I’ve been practicing a fat adaptive diet for the past 3 months and the biggest (and most surprising) awareness I’ve had is how much sugar is in everything we eat, naturally and added. And what also became clear is how oblivious most people are with how much sugar they consume every day. The American Heart Association recommends consuming no more than 6 teaspoons for women and 9 teaspoons for men, yet the average American adult consumes 22 teaspoons every day.
Most people have a general awareness that sugar is bad for you but might not know the severity and detrimental impact it’s having on the health of people today. The statistics show that leading causes of death include disease such as heart disease, cancer, and diabetes but what might not be as apparent is the impact sugar has in the development of these diseases. Part of the problem is not seeing the impact eating sugar has on our bodies in the moment. Instead, we finally notice the impact eating sugar has on our health over the course of time, once it’s too late.
How do you measure up?
Sugar surrounds us in almost every aspect of our lives – from our personal dwellings to office settings to social gatherings to even fitness events. It’s almost impossible to escape – almost!
Most people have a hard time escaping sugar because they might not necessarily know where it’s hiding. Being able to identify the different forms of sugar is step one. Sugar can be found in processed foods (think cereals, snack bars, baked goods) and in whole foods (think fruit, dairy, honey). It can take on the name of many: glucose, sucrose (table sugar), lactose, fructose, high fructose corn syrup, ethanol (drinking alcohol), artificial sugar (including sucralose) and sugar alcohols just to name a few.
Check out this list of the different names of sugar that might end up on the ingredients label of the foods you eat:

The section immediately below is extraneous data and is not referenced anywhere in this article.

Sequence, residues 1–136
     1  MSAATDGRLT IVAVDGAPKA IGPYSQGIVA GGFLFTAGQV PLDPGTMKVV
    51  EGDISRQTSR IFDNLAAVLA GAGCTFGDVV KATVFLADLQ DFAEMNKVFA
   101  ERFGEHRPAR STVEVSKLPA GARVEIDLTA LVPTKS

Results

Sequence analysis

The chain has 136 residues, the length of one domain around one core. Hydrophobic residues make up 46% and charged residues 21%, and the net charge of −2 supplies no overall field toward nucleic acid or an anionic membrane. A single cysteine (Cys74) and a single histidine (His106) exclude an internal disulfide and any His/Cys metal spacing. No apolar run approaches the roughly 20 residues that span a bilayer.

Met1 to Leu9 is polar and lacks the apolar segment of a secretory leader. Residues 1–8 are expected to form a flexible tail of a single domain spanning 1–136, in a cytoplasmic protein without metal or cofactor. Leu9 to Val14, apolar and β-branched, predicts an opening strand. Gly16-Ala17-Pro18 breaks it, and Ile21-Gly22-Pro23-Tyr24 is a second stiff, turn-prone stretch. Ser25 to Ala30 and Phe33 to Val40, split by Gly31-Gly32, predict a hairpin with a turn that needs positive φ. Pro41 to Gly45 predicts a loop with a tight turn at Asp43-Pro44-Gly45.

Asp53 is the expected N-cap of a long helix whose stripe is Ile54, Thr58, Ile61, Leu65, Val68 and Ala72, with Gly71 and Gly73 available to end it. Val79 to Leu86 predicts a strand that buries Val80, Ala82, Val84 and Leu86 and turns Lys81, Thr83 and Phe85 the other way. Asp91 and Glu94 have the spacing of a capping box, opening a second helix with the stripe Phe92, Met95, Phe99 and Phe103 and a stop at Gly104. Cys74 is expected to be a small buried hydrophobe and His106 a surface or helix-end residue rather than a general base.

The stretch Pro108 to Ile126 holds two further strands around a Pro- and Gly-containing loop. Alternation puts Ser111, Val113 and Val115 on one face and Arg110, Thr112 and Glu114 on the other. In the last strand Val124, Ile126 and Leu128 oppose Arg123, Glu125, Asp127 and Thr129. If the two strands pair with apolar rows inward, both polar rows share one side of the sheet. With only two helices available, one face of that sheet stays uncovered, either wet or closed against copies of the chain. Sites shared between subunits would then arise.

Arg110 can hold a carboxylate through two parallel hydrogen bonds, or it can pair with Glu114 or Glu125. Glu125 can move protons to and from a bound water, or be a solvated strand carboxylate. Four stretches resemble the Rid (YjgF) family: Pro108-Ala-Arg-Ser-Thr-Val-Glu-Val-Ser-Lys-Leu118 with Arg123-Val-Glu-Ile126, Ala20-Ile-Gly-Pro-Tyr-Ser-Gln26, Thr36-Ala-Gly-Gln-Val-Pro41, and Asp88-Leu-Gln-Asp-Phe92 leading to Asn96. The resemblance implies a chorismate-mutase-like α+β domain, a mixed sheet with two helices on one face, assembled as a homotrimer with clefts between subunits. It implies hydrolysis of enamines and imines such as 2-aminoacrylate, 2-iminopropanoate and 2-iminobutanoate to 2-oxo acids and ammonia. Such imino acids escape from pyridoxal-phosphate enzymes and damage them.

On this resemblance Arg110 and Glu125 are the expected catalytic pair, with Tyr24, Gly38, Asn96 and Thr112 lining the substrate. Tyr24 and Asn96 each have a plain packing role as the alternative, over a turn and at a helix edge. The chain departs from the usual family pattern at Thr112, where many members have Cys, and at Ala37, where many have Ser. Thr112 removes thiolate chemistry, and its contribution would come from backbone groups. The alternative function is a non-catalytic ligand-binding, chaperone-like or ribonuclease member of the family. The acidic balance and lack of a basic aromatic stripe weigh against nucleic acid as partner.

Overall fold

Start becoming more familiar with where sugar hides. Here are some obvious culprits to avoid:
- Fruit Juice, Soda, Alcohol
- Cakes, ice cream, chocolate, desserts
- Muffins, pastries, cereals
- Jams & Jellies
Here are some not so obvious culprits to avoid:
- Fruit filled yogurts
- Unnatural Peanut Butter (think Jif or Skippy)
- Salad dressings
Aside from identifying where sugar hides, the next step is kicking the habit and minimizing the cravings that make you seek it out.
We have all experienced the mid afternoon or late night sugar cravings at some point. But did you know how and what you eat may be the culprit to these cravings? Without getting into the science of blood sugar regularity, just know that when you go too long without eating, haven’t eaten enough or have eaten a sugary meal/snack, it affects your blood sugar levels. When your levels spike or crash your body is constantly working to stabilize it. When you start craving sugar its most likely because you are experiencing a crash in your blood sugar level, creating the need to spike it back up. The fastest way to do that is with sugar, hence the craving for carby and sugary foods.
Some tricks to keep those sugar cravings at bay and reducing your daily intake:
- Eat nutrient dense, complex carbs to fulfill on your sugar needs (sweet potato, quinoa)
- Eat balanced meals that include proteins and fats with your carbs
- Eat consistently throughout the day – know your limit of how long to space out your meals before you get too hungry (usually 3 hours)
- Pay attention to your daily life triggers – do you routinely come home and go straight to the pantry for a sugar treat? Do you find yourself snacking on sugar foods out of boredom? Do you slip into a sugar comma to deal with life stresses? – and break the pattern. Replace these sugar inducing triggers with healthier options, such as, going for a walk, not having your favorite treats available, or eating something else in it’s place (carrots, chewing gum, water)
Take it on for a week and see how you do. You can use food tracker apps like myfitnesspal.com to calculate your total sugar per day. If you’re a woman, shoot for 24g of sugar (6 teaspoons) or less and if you’re a male shoot for 36g (9 teaspoons) of sugar. Send me a message (firstname.lastname@example.org) sharing with me how you do!